In Halstom v. Great Northwest Insurance Company, 2012 U.S. App. Lexis (10th Cir. February 2, 2012), the Tenth Circuit Court of Appeals upheld the grant of summary judgment in favor of an Underinsured Motorist insurance carrier. Applying Oklahoma law, the court rejected the arguments of Plaintiff insured that her UIM insurer acted in bad faith in the handling of her claim.

Plaintiff was involved in a motor vehicle accident in April 2008. She was offered full limits from the tortfeasor’s $25,000 auto policy. Plaintiff sought UIM coverage from her own insurer Great Northwest, which had issued a policy providing $100,000 UIM limits. When Great Northwest evaluated the insured’s claim, wherein she claimed that she injured her knee in the motor vehicle accident, the insurer questioned the causal relationship between the alleged injury and the motor vehicle accident. When the insurer offered plaintiff only $5,000 to avoid potential litigation expenses, she filed suit and alleged bad faith in the breach of the implied covenant of good faith and fair dealing. Plaintiff claimed the insurer failed to evaluate her claim, failed to make any attempts to resolve the claim, and forced her to file the action to resolve her claim. Plaintiff sought compensatory and punitive damages and counsel fees.

On appeal from an order granting summary judgment to the insurer, the Tenth Circuit affirmed the dismissal of the bad faith suit. Particularly, the court discussed the insured’s burden under Oklahoma law to establish a breach of the duty of good faith and fair dealing. The insured was required to show (1) she was covered under the liability policy; (2) the insurance company’s actions were unreasonable under the circumstances; (3) the insurer failed to deal fairly and in good faith toward her; and (4) the breach of duty was the direct or proximate cause of damage to her. Examining the evidence that was before the trial court, the Tenth Circuit found that Great Northwest had a legitimate basis to question the UIM coverage because while the insured claimed injury to her knee necessitating surgery for a meniscal tear, her immediate complaints after the accident did not include any claim of injury to the knee, any bruising or swelling. It was only two to three weeks after the accident while at yoga that plaintiff claims she experienced pain. Plaintiff later sought medical attention and subsequently underwent the surgery.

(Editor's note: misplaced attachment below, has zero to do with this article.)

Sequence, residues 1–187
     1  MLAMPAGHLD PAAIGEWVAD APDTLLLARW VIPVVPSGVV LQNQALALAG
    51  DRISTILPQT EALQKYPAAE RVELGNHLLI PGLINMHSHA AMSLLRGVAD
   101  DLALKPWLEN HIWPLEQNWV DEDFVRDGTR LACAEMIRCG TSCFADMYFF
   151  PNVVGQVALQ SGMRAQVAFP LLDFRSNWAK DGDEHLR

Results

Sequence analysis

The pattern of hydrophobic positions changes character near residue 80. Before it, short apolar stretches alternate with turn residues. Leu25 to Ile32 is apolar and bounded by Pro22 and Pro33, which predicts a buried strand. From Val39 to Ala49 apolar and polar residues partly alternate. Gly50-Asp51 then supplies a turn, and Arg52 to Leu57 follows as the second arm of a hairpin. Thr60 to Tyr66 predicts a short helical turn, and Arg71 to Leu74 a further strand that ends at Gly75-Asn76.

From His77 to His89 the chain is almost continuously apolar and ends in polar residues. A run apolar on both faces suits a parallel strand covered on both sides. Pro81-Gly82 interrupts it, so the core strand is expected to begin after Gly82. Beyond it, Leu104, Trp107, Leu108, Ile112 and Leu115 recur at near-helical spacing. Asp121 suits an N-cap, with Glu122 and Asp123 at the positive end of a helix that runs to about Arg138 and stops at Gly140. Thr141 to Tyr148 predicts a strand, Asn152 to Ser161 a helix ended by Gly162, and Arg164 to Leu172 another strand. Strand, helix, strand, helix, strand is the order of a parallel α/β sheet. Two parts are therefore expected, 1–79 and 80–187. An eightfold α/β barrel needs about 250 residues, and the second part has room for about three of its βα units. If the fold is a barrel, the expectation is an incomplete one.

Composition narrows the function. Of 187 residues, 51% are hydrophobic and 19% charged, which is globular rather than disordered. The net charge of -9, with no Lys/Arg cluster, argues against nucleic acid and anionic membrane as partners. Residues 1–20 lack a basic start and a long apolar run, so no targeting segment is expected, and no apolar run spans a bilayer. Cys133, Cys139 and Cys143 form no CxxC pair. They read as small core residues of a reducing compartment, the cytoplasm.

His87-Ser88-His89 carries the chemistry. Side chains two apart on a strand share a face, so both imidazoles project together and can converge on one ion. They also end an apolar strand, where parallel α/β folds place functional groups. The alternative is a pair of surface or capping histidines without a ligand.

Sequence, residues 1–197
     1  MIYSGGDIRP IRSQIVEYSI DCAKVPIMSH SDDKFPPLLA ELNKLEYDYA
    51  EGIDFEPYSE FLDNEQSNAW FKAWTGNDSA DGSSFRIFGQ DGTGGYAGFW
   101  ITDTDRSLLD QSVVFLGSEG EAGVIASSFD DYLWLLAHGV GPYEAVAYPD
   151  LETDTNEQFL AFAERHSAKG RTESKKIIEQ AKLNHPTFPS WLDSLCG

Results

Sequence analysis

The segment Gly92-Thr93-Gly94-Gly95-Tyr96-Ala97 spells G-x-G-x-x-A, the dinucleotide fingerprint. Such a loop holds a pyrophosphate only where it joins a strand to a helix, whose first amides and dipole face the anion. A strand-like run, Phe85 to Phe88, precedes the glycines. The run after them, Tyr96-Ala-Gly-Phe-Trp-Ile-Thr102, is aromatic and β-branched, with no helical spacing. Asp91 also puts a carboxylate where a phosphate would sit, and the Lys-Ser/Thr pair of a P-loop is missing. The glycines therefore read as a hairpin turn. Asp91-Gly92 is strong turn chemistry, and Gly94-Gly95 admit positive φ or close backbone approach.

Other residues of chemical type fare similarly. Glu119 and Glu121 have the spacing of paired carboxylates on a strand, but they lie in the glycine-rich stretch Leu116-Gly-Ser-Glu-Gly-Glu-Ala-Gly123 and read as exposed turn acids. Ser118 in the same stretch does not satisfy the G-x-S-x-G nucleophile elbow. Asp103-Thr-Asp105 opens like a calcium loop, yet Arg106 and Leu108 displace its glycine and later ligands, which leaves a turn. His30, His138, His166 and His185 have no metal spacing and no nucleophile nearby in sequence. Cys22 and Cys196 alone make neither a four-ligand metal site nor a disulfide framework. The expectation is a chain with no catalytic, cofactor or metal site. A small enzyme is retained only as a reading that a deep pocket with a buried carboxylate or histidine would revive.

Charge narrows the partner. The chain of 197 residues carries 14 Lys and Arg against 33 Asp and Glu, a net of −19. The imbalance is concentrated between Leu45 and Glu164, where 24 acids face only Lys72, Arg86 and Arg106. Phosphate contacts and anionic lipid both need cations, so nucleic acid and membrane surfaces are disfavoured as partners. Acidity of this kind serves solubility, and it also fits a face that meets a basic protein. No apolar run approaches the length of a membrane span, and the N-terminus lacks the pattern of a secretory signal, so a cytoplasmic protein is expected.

During discovery in the Declaratory Judgment action, the insurer conducted the deposition of plaintiff’s doctor who admitted that his notes as to the knee problems and plaintiff’s motor vehicle accident were based solely on the information from the insured and the physician admitted reasonable doubt as to causation.

Concluding that Great Northwest had a legitimate basis to deny coverage, it rejected the insured’s argument that the insurer acted in bad faith.

Tressler Comments:  Here the insurer obtained a good result despite the fact that an independent adjuster valued the claim at $60,000 to $90,000. While the insured argued that the insurer acted in bad faith by not accepting the valuation, the court held that the preliminary question was one of coverage under the UIM policy based upon the causation issue. Bad faith cases can be defeated with the right facts and law, and here the court held that the insurer had properly disputed coverage.